The Dangers of Time Management

As I prepare to record a webinar series on time management, I’ve also been thinking about the dangers of focusing too much on time management.

Do you ever find yourself thinking or saying, “One day, I will be on top of my life and work demands. I only need to find the right combination of time management strategies, the motivation to work really (really) hard, and the skills to juggle all my work-life demands.” Sound familiar? If so, you might be falling prey to some of the dangers of time management.

When you look back on your life so far, you can probably see a series of ups and downs and unexpected turns that led you to today—a bit like a roller coaster ride. Things caught you by surprise and not everything was easy sailing. And yet, we still hope that one day, once we have everything figured out, our lives will level out.  But considering the ups and downs in our pasts, aspirations for a smooth future are probably misplaced—and maybe just a bit boring as well.

Here are some dangers related to time management that you should avoid, to help you enjoy your present moment instead of wishing for some unachievable perfect future.

Losing the moment.

Time management can perpetuate the notion that in the face of increasing demands we must plan a way to do it all. This shifts our focus from the present to the future. We forget to throw up our hands on the roller coaster and enjoy what we are experiencing. We are constantly looking for the next season – and when it arrives, it is barely appreciated because we have something else that needs our attention.

Putting efficiency above all else.

Sometimes people think that good time management means that every minute of our time must be accounted for; that every moment must be productive and every space in our life filled with something that has a measurable output. Being productive is important and time management techniques can help us, but it can also trick us into thinking that individual efficiency is our highest goal. This is a questionable aspiration at best.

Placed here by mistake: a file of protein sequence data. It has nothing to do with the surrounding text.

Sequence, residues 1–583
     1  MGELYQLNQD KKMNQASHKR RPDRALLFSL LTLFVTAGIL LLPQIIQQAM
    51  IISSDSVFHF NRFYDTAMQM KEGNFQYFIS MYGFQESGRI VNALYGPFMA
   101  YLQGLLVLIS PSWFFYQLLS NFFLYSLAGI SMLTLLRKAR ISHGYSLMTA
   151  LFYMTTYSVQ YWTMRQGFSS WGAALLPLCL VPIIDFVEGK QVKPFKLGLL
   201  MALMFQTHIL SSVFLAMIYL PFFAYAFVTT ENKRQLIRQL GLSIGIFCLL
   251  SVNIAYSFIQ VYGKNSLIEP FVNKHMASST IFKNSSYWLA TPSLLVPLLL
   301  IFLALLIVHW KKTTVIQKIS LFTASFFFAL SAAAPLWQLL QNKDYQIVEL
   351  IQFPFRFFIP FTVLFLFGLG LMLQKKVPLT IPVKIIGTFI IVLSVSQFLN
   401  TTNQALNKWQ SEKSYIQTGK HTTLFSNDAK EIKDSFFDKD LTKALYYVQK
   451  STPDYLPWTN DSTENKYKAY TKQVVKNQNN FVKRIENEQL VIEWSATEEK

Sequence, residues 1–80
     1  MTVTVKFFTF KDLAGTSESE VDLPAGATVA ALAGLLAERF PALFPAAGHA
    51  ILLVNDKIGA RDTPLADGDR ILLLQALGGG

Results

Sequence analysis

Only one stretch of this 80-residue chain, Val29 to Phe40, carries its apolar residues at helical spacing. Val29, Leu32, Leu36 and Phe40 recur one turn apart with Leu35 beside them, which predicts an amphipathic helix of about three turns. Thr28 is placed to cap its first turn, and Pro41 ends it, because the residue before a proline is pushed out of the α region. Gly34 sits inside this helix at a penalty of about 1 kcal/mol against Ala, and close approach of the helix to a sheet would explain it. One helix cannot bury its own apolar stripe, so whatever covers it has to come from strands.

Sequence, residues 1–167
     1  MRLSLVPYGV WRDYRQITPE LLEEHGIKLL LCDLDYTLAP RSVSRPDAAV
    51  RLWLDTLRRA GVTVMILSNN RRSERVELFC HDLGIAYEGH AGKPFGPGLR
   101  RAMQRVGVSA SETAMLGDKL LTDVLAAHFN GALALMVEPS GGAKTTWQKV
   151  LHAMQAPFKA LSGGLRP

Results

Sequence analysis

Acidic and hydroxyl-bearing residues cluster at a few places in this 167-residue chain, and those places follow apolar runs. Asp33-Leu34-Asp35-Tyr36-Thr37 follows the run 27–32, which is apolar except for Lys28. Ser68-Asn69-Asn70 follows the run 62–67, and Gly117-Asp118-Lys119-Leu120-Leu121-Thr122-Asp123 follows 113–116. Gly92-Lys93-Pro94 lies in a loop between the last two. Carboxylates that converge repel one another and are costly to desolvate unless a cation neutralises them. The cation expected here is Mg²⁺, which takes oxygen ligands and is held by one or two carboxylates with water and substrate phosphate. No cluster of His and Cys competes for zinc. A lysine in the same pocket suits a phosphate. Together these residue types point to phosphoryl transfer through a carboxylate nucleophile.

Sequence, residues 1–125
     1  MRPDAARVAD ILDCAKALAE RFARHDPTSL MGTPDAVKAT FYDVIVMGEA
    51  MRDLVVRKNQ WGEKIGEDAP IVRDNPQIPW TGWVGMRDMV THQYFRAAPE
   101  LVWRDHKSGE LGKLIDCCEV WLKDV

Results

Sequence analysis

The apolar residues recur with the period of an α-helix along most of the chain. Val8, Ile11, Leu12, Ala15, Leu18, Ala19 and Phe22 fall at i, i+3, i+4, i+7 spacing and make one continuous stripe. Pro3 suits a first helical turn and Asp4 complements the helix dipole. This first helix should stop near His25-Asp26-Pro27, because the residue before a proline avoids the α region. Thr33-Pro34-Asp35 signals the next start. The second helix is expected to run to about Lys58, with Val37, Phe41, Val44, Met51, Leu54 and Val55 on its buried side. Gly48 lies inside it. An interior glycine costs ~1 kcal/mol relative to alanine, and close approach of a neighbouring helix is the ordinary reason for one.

Failing to tap creativity.

Creativity, generating ideas and responding well to serious concerns and issues in our workplace requires time to think and reflect, then respond. Time management is not all about being busy, and productivity is not always measurable.

Part of time management is recognizing that we need time to regenerate so we can do our work with care and quality. We need to ensure we carve out time to be quiet, to reflect, with no phones, no computers, even no educational podcasts. Our minds need time to be off so they can be fully on. We need quiet time to relax in order to be healthy and to be productive.

Time management should mean avoiding spending time on things that do not enrich or add value to our lives, or the lives of those around us. It is about giving time to the things we need to and making time for the things we choose. Time management helps us reach the goals we pick for ourselves. With good time management we prioritize the tasks and experiences at work and we make time for the things in our life that matter.


Wendy Loewen

Managing Director

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